30 Year Old with Cardiac Arrest, PEA, then Cardiac Ultrasound
Posted May 29 2014 11:15am
A 30 year old collapsed after complaining of chest pain intermittently. He was unconscious. First responders thought they palpated a thready pulse.
When medics arrived, there was no pulse. Full CPR was initiated with the LUCAS device. The patient was intubated, an ITD (ResQPod) was used. Other standard cardiac arrest measures were undertaken.
Here is the rhythm strip (these are two separate tracings)
The initial rhythm is regular and wide complex, with concordant ST elevation, suggesting STEMI. The next rhythm appears to be ventricular fibrillation.
The patient could not be resuscitated, but was transported to the ED after about 30 minutes of full arrest.
Upon arrival, as is customary, a very brief ultrasound was performed to assess ventricular function.
What do you see? See below, with arrows
White arrows outline a very large thrombus (clot) in the pericardium. Red arrow points to a small amount of liquid blood in the pericardium. Blue arrow points to the RV, where there is full stasis of blood flow. Green arrow points to barely beating LV
Here is one more brief view before chest compressions resumed:
Here is a view during LUCAS chest compressions
Of course, chest compressions are not of any use when there is massive tamponade. Even when the heart is fully beating on its own, it will arrest if there is severe tamponade because it cannot generate adequate pressures for myocardial perfusion. So how would external compressions have any effect?
For cardiac compression to work, the clot must be evacuated.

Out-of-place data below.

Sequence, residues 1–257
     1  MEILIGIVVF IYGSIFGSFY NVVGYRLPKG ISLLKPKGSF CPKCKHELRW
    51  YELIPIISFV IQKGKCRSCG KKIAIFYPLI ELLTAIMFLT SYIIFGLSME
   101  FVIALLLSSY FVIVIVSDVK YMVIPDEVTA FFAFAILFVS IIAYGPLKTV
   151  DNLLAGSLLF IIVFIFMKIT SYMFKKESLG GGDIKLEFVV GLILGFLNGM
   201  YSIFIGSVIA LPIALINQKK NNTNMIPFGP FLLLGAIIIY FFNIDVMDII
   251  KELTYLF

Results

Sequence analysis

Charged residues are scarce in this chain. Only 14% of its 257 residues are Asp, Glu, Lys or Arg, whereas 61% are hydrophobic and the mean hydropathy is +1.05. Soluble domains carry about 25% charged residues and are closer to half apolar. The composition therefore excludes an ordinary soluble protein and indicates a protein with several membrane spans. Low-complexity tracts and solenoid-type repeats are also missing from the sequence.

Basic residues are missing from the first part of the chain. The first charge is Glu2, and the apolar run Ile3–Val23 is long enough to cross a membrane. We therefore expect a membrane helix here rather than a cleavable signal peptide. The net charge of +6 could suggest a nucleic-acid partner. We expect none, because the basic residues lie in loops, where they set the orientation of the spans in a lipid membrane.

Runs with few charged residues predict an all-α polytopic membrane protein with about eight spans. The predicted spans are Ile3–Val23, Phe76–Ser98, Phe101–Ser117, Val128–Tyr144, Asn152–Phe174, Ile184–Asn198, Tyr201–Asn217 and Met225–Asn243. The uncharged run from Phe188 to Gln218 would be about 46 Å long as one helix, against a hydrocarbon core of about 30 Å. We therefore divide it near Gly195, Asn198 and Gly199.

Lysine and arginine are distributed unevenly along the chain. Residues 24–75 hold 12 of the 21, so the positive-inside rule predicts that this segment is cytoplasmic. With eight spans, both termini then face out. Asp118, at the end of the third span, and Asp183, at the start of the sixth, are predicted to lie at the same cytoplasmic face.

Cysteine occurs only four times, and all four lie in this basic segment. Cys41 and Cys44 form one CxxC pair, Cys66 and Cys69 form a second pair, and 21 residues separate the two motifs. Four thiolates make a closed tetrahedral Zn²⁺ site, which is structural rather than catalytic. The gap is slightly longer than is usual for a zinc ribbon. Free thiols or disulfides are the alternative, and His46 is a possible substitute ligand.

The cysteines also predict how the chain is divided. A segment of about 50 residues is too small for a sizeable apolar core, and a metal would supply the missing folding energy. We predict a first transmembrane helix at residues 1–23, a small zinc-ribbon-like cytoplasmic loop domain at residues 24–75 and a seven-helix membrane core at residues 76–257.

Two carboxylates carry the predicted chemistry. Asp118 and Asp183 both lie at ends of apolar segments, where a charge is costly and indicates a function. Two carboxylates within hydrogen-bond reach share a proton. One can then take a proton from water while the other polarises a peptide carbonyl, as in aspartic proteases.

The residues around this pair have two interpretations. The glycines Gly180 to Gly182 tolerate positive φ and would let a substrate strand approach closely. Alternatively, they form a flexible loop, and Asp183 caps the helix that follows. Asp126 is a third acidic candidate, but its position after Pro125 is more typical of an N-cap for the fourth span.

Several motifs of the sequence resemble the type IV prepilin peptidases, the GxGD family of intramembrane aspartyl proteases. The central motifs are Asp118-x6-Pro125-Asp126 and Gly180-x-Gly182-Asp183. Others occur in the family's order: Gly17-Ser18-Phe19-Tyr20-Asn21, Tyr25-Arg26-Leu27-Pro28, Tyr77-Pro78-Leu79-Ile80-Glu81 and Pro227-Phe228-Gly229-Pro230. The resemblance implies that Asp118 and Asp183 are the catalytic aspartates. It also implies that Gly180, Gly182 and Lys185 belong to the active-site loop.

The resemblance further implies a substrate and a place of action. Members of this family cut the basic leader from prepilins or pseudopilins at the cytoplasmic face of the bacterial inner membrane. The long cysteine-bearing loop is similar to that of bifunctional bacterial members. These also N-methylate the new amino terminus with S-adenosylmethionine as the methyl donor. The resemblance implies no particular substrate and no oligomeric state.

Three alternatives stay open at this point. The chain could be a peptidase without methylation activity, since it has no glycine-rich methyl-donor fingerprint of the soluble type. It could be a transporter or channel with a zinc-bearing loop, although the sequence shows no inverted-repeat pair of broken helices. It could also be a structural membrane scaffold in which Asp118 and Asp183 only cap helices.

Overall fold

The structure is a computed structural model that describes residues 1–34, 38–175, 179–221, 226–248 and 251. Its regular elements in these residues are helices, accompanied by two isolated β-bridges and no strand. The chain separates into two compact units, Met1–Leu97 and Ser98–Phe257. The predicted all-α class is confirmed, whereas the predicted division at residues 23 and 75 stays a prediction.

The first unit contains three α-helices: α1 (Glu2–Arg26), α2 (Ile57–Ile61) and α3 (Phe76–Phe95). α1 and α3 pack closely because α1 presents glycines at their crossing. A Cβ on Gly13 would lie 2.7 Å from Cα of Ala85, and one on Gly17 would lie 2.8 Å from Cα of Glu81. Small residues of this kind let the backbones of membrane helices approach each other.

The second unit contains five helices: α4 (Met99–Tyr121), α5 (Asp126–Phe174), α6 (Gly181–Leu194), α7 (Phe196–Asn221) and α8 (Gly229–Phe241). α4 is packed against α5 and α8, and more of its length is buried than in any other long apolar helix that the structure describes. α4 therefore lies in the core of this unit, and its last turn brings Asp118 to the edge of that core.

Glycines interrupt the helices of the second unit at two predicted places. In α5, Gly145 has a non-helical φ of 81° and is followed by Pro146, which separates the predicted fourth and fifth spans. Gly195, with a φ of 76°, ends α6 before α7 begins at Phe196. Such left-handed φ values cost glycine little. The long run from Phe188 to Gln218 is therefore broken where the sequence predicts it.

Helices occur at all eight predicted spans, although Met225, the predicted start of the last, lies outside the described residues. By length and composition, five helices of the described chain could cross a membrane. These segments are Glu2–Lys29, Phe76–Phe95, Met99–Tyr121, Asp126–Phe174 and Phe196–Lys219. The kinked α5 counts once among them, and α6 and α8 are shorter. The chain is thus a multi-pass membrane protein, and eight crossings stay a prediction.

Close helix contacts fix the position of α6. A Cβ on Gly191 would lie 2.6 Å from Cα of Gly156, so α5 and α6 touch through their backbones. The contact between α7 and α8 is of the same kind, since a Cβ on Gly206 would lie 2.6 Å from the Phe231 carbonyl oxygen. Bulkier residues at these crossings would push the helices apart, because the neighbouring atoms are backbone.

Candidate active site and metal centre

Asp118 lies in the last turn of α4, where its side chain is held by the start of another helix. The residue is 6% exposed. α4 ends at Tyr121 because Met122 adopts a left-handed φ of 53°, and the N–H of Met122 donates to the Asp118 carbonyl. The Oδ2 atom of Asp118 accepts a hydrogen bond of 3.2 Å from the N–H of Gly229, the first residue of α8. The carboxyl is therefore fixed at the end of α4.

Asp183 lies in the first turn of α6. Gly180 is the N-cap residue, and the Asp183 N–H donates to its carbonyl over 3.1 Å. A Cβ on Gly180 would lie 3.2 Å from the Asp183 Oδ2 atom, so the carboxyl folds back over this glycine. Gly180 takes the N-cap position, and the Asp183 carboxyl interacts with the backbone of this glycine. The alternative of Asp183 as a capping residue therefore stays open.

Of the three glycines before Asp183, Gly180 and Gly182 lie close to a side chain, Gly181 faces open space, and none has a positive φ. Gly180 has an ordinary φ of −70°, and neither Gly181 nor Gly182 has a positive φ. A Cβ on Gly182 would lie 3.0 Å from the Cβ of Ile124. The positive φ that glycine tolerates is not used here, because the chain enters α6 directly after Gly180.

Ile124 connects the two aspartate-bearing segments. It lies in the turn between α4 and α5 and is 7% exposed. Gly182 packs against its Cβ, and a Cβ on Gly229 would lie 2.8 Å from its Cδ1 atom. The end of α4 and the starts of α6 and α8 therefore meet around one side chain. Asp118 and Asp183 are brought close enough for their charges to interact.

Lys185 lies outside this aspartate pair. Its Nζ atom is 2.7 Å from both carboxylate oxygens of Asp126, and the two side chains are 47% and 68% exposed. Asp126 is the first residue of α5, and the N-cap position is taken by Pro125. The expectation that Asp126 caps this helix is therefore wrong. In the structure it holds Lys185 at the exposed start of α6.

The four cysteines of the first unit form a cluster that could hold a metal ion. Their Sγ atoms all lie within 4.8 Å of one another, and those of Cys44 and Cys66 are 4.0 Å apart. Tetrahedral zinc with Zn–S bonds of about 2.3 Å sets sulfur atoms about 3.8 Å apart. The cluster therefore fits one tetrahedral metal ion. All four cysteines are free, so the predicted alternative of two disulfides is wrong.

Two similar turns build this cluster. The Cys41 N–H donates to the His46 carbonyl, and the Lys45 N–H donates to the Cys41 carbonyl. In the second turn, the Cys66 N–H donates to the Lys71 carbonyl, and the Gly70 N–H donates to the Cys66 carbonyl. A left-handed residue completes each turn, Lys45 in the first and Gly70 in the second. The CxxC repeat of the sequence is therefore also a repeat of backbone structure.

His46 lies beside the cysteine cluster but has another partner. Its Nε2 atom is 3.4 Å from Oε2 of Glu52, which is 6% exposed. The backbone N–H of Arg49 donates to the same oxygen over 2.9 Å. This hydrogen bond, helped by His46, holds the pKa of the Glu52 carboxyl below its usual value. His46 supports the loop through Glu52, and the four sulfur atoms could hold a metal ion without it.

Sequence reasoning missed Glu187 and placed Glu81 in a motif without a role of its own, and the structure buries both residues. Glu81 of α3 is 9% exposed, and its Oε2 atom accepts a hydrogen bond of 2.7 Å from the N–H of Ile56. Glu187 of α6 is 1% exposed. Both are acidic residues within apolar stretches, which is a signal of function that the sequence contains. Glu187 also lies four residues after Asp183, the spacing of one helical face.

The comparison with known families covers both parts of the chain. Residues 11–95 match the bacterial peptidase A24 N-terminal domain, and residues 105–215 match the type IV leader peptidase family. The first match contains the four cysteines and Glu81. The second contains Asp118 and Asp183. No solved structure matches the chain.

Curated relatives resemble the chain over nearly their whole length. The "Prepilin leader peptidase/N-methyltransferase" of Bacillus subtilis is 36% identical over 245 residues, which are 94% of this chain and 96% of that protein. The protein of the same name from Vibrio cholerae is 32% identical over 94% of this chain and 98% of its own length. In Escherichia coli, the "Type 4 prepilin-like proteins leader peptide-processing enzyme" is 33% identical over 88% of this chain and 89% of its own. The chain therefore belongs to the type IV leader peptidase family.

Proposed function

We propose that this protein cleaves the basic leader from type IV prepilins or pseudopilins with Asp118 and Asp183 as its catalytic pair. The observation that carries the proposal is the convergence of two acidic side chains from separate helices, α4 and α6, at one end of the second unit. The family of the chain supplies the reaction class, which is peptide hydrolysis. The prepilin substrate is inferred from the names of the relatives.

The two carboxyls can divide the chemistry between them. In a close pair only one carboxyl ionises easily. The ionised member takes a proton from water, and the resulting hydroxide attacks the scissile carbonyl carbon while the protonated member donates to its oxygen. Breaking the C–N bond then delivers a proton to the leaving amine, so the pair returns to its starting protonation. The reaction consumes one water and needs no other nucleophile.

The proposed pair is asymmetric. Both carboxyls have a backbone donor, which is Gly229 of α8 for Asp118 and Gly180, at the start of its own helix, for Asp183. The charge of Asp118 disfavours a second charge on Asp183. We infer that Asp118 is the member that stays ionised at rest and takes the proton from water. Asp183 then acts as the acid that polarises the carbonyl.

Although there seemed little hope of recovery, a left thoracotomay was quickly performed. A pericardiotomy was performed and this clot was evacuated:
Huge clot extracted from pericardium. This is about 30 cm x 15 cm on the cart.
In spite of internal cardiac compressions, intracardiac epinephrine, several internal defibrillations for V fib, and other standard attempts at resuscitation, he could not be resuscitated. The resuscitation was futile.
What caused this hemopericardium?
Possible etiologies include: 1. Hemorrhagic pericarditis, but this would be mostly effusion with some blood, not hemopericardium and certainly not clotted blood. 2. Myocardial rupture from MI. 3. Myocardial rupture from trauma (could be occult, could be due to chest compressions) 4. Ruptured coronary artery aneurysm
Here is an ED ultrasound of the aorta through the suprasternal notch:
This is annotated with arrows below
These arrows point to a flap. This is aortic dissection. The aortic diameter is also excessive (greater than 4 cm is abnormal, here it is about 6 cm)
Autopsy showed a DeBakey 1 dissection ( from the arch all the way to the iliac bifurcation)
Thus, this unfortunate young man had an aortic dissection at a very young age. It dissected back into his pericardium, resulting in hemopericardium and tamponade, which caused hemodynamic collapse. His pulses by first responders were thready, but not enough to perfuse his brain. Thus he was unconscious. Shortly thereafter, the hypotension with consequent poor perfusion of his coronary arteries resulted in severe ischemia with transmural/subepicardial ischemia, and a wide complex then eventually ventricular fibrillation.
Causes of Pulseless Electrical Activity (5 H's and 5 T's), as advertised by ACLS Those bolded are particularly likely with a narrow QRS